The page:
Governance & Risk Management

Bangladesh Bank Heist: Lessons Learned

Malware Attack Highlights Need for Better Network Intrusion Detection
Bangladesh Bank Heist: Lessons Learned

A report that the $81 million Bangladesh Bank heist was linked to a customized malware attack that compromised SWIFT software used to transfer funds has raised questions about the security of those transactions (see Bangladesh Bank Attackers Hacked SWIFT Software). But the more critical issue, fraud experts say, is the need for banks to have proper security controls in place to detect and prevent network intrusions.

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SWIFT is a Belgium-based cooperative of 3,000 organizations that maintains a messaging platform used by banks, mostly in Europe, to transfer money across borders, often in real time.

"It was the bank's systems or controls that were compromised, not the software," says William Murray, an independent payments security consultant. "The SWIFT software behaved as it was intended to, but was not operated by the intended person or process. This is a bank problem, not a SWIFT problem."

The attack waged against Bangladesh Bank, the nation's central bank, in February was similar to account takeover attacks waged against commercial customers, Murray contends. "This is an account takeover attack, similar to those that the industry has been dealing with for years," he says. "However, it is the account of the bank with SWIFT, rather than that of the bank's customer, that is being taken over. ... Banks should be using the very same controls over their own systems that they expect of their own customers. Good security is good security."

Banks should conduct SWIFT transactions only on computers that are isolated from other devices on their networks, says Sean Sullivan, an adviser at the security firm F-Secure. "It should be a dedicated computer for its single task," Sullivan says. That's the same advice banks have for years been giving to their commercial customers who schedule wire transfers and ACH payments online.

"The malware was able to be installed on the SWIFT software computer because the attacker was in Bangladesh Bank's network with access - presumably with enough access to override any locally installed security software if there was any," Sullivan adds.

Shirley Inscoe, an analyst at consultancy Aite, says the breach likely involved an insider connection. "While hackers can successfully access many systems without insider assistance, almost certainly insider knowledge of how the system operates was used to overcome the fraud detection controls," she says. "This knowledge could easily have come from a current employee at SWIFT or Bangladesh Bank."

Malware Methods

The malware used to compromise a computer used for SWIFT transactions was designed to hide traces of fraudulent payments from the bank's local database collections, according to technology consultancy BAE Systems Applied Intelligence.

What's more, once money is transferred via SWIFT, it's typically not reversible, which makes this attack even more clever, Murray says.

"Keep in mind that SWIFT is a messaging system that banks use to communicate with correspondent banks," he says. "Multiple banks and transfers may be involved in completing a transaction, all taking place within seconds. And because multiple banks and accounts may be involved, by default, the transfers are not reversible when disputed."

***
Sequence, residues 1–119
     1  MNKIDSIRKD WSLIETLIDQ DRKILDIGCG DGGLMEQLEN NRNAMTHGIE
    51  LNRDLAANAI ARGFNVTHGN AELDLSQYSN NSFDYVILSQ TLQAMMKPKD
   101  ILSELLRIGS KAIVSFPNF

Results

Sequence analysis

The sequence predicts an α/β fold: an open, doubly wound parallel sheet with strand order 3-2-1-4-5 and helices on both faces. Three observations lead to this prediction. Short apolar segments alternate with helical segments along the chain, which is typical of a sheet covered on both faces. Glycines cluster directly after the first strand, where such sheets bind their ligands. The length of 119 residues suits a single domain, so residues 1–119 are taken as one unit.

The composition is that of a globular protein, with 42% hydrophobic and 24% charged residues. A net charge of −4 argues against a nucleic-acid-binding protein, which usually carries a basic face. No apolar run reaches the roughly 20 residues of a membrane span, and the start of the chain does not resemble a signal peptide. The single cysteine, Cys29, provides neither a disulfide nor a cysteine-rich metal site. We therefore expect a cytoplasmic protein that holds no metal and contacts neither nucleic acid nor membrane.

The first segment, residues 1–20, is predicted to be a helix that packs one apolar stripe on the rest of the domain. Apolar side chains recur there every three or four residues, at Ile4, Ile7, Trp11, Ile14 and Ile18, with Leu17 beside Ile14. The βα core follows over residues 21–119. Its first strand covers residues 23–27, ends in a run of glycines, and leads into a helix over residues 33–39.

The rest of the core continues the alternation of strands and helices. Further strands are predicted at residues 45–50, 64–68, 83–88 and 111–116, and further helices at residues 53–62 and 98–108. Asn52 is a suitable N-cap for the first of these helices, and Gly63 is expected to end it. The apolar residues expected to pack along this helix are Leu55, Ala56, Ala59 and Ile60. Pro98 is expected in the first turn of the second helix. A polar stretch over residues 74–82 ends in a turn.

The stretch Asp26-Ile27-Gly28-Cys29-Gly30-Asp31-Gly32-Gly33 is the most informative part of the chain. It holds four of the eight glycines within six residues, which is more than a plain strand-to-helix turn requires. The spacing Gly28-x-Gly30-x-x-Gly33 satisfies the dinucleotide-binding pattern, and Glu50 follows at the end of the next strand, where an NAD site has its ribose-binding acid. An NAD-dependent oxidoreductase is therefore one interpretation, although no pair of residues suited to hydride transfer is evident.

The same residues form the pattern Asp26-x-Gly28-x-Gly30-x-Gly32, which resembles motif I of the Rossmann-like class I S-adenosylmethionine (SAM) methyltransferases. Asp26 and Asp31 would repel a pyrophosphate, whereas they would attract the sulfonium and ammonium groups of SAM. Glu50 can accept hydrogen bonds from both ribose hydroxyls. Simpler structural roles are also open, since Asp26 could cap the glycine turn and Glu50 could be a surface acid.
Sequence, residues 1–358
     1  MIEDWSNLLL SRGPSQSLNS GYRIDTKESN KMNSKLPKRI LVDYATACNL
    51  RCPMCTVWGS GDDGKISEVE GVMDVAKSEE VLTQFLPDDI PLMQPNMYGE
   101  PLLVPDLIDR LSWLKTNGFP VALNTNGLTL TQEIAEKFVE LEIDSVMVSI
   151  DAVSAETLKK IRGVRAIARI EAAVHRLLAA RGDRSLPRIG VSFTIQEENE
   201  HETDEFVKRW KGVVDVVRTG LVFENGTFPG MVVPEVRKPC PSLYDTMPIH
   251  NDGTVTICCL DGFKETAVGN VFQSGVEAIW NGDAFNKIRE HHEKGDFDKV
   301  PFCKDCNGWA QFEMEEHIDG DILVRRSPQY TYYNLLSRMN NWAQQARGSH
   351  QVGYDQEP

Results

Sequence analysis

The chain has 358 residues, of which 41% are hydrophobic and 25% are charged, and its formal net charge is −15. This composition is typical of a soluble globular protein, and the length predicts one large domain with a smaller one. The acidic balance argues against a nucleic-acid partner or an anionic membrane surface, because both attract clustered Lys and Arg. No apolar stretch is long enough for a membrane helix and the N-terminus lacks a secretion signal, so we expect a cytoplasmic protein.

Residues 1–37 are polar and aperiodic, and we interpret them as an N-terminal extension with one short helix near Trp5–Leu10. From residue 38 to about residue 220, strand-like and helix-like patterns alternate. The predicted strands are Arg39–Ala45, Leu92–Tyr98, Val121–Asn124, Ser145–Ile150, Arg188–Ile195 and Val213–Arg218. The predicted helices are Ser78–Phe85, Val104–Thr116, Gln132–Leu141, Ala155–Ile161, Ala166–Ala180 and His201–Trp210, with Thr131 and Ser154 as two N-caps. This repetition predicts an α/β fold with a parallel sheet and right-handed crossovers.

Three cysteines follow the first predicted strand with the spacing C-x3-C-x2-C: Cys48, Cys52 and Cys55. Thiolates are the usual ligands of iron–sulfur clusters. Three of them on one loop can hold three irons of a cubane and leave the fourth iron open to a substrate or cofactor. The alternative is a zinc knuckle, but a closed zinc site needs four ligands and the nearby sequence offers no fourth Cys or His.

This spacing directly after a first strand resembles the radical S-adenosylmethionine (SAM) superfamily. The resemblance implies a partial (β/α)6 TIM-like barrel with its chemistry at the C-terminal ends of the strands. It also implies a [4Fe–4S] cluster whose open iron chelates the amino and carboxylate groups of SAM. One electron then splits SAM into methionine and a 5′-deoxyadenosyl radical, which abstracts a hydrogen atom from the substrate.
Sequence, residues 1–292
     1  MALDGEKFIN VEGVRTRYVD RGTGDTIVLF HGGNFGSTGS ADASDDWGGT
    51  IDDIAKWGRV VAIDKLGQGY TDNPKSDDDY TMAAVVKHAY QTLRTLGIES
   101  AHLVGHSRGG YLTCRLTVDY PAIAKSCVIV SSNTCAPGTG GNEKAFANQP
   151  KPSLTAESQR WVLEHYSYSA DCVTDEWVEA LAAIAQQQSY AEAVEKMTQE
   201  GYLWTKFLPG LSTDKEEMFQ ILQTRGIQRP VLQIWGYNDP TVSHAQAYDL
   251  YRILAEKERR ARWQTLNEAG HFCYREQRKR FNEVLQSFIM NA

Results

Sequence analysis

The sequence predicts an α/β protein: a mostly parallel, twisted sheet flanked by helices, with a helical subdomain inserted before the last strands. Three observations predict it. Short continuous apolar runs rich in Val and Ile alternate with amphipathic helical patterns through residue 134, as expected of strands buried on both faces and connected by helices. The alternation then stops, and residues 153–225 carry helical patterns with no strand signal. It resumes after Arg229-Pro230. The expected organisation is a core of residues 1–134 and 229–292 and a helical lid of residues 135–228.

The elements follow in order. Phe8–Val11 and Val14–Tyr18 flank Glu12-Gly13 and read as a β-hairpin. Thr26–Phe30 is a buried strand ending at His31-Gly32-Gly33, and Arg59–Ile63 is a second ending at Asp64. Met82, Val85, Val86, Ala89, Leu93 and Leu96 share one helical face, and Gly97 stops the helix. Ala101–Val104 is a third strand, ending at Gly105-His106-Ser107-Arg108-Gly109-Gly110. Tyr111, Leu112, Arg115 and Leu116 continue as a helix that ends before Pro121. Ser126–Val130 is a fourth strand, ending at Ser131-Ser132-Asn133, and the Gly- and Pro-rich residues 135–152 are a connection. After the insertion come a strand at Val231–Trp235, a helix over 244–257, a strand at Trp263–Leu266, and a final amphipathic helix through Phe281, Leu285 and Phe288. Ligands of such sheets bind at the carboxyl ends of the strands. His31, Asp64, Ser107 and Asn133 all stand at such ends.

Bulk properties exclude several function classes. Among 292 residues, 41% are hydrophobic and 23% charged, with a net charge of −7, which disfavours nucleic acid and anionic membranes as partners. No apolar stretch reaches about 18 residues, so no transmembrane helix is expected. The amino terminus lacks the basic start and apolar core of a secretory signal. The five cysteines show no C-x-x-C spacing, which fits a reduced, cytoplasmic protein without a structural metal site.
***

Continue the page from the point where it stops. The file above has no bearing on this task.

This kind of "straight-through" payment process gives fraudsters an advantage, says Tom Kellermann, CEO of security firm Strategic Cyber Venture. Banks should be bracing for more of these types attacks, especially as the U.S. moves toward faster, real-time payments, he advises.

"Straight-through processing empowers the cybercrime community. SWIFT has been over-reliant on PKI [public key infrastructure] to protect the payment system for years. Private keys are being compromised as credential theft explodes."

SWIFT Taking Action

In a statement provided to Information Security Media Group, SWIFT notes that it is aware of the risks and is taking steps to help banks shore up security.

"We understand that the malware is designed to hide the traces of fraudulent payments from customers' local database applications and can only be installed on users' local systems by attackers that have successfully identified and exploited weaknesses in their local security," the statement says. "We have developed a facility to assist customers in enhancing their security and to spot inconsistencies in their local database records.

"However, the key defense against such attack scenarios remains for users to implement appropriate security measures in their local environments to safeguard their systems - in particular those used to access SWIFT - against such potential security threats. Such protections should be implemented by users to prevent the injection of malware into, or any misappropriation of, their interfaces and other core systems."

Executive Editor Mathew Schwartz also contributed to this story.

About the Author

Tracy Kitten

Tracy Kitten

Former Director of Global Events Content and Executive Editor, BankInfoSecurity & CUInfoSecurity

Kitten was director of global events content and an executive editor at ISMG. A veteran journalist with more than 20 years of experience, she covered the financial sector for over 10 years. Before joining Information Security Media Group in 2010, she covered the financial self-service industry as the senior editor of ATMmarketplace, part of Networld Media. Kitten has been a regular speaker at domestic and international conferences, and was the keynote at ATMIA's U.S. and Canadian conferences in 2009. She has been quoted by, ABC News, and MSN Money.

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